Senate leader, Transportation secretary spouse exposed in new book
WASHINGTON – It’s a dirty little Washington insider story that has been under the radar for 18 years.
How Senate Majority Leader Mitch McConnell and his wife, current Transportation Secretary Elaine Chao, used their political influence in Washington to tap into what has become a personal fortune thanks to direct or indirect Chinese cash.
Along the way, McConnell went from being a Senate leader wary of China to its biggest booster, while Chao parlayed more Chinese cash into turning the Heritage Foundation’s policy toward China and securing a Cabinet post in George W. Bush’s administration.
The story is about to get hotter as investigative reporter Peter Schweizer’s newest book, “Secret Empires: How the American Political Class Hides Corruption and Enriches Family and Friends,” released in March. It was Schweizer who authored 2016’s “Clinton Cash,” exposing the remarkable ways Bill and Hillary Clinton used their family foundation to rake in cash, much of it foreign, even when she was serving as U.S. secretary of state.
Bottom line? McConnell and Chao had an average net worth of $3.1 million in 2004. Ten years later, while working only in government, that figure rose to between $9.2 million and $36.5 million.
One source of the fortune, according Schweizer, was a 2008 gift from Chao’s father, James Chao, who had close ties to former Chinese President Jiang Zemin, and whose company, New York-based Foremost Maritime Corp., ships goods to China and buys ships from the China State Shipbuilding Corporation. Chao and Jiang, now in their 90s, were classmates at Jiao Tong University in Shanghai and maintained ties ever since.
WND has been reporting these ties, the China-to-Washington money-go-round and even Chao’s influence at the Heritage Foundation when she worked there in the 1990s and again, following her time in the Bush administration, from 2009 through 2012, as a rainmaker who turned the leading conservative think tank into one that had virtually negative to say about Beijing during her time there.
As early as January 2001, when she was first nominated to be Bush’s secretary of labor, WND interviewed noted Chinese dissident Harry Wu who expressed grave reservations about Chang and the influence she would have on the administration’s China policies.
“I worry about Elaine Chao’s business relationship with communist China,” Wu said in 2001. “This woman has a significant shipping business through her father.”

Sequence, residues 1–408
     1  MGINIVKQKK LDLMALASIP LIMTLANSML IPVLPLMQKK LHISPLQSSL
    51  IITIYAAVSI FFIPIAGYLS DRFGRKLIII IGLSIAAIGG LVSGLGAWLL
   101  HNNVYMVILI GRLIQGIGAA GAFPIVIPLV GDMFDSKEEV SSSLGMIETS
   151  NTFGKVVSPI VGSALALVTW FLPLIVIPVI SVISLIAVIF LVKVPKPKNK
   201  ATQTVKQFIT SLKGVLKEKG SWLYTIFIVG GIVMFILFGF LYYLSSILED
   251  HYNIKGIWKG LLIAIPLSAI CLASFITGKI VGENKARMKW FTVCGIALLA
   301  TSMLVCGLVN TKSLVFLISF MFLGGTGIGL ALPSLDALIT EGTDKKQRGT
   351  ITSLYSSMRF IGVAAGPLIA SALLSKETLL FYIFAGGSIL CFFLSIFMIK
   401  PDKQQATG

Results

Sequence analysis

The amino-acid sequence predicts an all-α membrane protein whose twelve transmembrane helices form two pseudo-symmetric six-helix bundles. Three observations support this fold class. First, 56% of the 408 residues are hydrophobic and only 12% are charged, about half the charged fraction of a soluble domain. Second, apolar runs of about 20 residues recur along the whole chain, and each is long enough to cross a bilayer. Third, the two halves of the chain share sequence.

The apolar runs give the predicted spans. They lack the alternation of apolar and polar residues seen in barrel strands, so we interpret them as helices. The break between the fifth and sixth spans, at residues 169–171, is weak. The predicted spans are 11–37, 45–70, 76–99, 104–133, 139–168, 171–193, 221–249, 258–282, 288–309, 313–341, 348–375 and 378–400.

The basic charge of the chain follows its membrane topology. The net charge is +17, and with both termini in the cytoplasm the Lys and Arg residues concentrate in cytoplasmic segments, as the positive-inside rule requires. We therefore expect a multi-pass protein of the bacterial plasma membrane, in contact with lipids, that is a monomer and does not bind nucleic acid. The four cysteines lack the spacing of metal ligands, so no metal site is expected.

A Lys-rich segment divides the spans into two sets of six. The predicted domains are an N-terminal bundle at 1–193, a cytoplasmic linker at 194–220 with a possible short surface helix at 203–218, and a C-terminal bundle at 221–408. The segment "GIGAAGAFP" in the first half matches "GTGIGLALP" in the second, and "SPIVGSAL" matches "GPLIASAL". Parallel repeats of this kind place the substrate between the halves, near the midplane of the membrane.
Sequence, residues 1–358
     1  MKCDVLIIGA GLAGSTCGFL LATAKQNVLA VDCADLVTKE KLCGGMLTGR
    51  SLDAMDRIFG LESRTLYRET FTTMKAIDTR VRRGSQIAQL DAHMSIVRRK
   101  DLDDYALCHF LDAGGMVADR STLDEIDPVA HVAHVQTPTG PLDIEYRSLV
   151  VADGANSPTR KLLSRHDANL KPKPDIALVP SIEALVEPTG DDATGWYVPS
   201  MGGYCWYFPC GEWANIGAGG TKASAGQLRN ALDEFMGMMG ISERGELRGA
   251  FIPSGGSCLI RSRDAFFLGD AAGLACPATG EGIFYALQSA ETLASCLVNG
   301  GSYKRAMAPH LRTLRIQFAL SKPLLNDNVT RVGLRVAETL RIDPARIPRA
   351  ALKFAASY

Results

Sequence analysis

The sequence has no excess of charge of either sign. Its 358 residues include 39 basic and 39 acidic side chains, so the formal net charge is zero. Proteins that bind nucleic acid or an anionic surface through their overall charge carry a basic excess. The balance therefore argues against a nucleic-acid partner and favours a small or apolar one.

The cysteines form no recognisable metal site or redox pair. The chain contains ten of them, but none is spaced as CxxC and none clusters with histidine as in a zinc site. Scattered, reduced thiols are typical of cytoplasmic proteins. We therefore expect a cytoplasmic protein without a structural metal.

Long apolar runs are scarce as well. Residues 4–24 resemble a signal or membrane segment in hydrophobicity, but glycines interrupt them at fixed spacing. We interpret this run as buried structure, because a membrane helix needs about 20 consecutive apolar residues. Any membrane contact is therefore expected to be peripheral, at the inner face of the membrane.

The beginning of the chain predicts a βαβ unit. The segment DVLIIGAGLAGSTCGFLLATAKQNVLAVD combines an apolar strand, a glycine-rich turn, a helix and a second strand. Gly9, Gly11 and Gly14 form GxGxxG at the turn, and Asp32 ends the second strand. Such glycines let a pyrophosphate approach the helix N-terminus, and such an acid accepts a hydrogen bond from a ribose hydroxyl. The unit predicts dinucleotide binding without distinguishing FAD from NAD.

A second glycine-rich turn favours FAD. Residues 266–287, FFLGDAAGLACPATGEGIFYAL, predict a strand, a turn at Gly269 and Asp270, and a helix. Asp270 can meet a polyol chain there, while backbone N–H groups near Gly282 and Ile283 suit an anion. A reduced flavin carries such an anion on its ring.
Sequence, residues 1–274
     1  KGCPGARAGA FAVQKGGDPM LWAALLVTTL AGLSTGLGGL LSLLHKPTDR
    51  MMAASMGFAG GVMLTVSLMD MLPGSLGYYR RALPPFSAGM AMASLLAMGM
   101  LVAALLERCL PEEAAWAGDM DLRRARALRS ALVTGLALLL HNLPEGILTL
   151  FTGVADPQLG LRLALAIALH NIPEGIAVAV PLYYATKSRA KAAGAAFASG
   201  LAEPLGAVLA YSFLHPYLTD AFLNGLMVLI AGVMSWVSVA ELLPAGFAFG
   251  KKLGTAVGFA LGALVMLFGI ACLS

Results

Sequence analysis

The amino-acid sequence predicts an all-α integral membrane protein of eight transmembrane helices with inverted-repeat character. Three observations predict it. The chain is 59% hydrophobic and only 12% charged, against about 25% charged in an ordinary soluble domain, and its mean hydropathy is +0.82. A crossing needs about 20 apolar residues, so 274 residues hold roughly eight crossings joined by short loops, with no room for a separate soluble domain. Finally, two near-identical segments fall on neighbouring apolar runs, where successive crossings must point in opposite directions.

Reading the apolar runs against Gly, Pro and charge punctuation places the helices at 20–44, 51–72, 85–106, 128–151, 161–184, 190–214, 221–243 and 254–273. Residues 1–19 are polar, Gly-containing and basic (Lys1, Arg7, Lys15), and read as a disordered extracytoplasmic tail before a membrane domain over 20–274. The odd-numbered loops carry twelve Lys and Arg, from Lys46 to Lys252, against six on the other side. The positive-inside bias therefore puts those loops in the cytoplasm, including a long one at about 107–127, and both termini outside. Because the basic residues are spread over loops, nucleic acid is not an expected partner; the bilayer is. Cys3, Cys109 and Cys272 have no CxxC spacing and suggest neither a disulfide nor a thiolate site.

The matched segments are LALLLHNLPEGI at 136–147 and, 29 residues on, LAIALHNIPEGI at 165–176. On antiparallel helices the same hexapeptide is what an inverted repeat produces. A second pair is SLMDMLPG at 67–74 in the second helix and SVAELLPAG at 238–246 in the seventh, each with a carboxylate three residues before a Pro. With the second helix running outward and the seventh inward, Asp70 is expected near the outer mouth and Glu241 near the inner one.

In 1994, James Chao, along with his daughter and her husband, McConnell, visited mainland China and met with Jiang. James Chao, along with his daughter, returned to China the next year to take an honorary professorship and presidency at the Shanghai Maritime College. When Jiang visited the White House in 1997, he met privately for about 20 minutes with Chao and McConnell, before an elaborate state dinner for Jiang hosted by President Clinton. The Kentucky senator met again with Jiang the next morning.
“He was trying to emphasize that the U.S. and China are natural friends, and their futures are intertwined, and that they should try to understand each other,” Elaine Chao said in describing her talks with Jiang.
She has lobbied for normalized trade with China and has downplayed concerns about China’s growing military threat, espionage campaigns in the U.S. and human-rights abuses.
Wu, a Hoover Institution fellow, criticizes Chao for glossing over the fact that China is and was run by Communist hard-liners who pump proceeds from U.S. trade back into military front companies run by a privileged class. A prominent human-rights activist, Wu spent about two decades in Chinese prisons for his political views.
“I’m very surprised Bush would pick her to head labor, especially when most of the profits from trade with China goes into the pockets of socialist leaders, not workers,” Wu said.
Both Chao and McConnell served on the board of the China Foundation, a nonprofit charity devoted to helping develop rural parts of China.
McConnell has been China’s biggest Republican booster in the Senate. Chao sought out John Huang to help raise money for Republican senators in 1989 – beating Bill and Hillary Clinton to the punch in 1992. In 1993, Huang, then head of Lippo Bank, rounded up a coalition of Chinese banks and individuals to sponsor Chao’s visit to Los Angeles as the new head of United Way. Huang gave McConnell $2,000 in illegal donations as part of a foreign money-laundering scheme – one of only two contributions Huang made to Republicans.